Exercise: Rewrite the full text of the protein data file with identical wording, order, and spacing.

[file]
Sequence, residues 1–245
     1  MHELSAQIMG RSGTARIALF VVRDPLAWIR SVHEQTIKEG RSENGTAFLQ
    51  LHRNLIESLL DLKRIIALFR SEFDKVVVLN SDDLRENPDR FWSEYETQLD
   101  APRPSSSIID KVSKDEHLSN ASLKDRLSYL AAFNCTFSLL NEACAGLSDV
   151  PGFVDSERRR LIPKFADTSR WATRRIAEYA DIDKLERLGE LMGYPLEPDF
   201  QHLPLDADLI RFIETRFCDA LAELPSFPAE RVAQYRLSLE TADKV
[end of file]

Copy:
Sequence, residues 1–245
     1  MHELSAQIMG RSGTARIALF VVRDPLAWIR SVHEQTIKEG RSENGTAFLQ
    51  LHRNLIESLL DLKRIIALFR SEFDKVVVLN SDDLRENPDR FWSEYETQLD
   101  APRPSSSIID KVSKDEHLSN ASLKDRLSYL AAFNCTFSLL NEACAGLSDV
   151  PGFVDSERRR LIPKFADTSR WATRRIAEYA DIDKLERLGE LMGYPLEPDF
   201  QHLPLDADLI RFIETRFCDA LAELPSFPAE RVAQYRLSLE TADKV